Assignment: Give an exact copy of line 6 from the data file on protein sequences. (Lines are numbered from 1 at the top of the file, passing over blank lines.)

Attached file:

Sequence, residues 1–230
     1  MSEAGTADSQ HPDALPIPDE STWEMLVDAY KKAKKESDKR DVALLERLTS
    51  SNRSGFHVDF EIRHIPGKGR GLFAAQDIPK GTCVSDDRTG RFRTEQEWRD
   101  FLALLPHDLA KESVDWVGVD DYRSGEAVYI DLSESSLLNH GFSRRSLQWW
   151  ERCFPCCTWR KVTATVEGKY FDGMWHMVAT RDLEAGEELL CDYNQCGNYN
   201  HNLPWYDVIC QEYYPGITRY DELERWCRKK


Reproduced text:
   201  HNLPWYDVIC QEYYPGITRY DELERWCRKK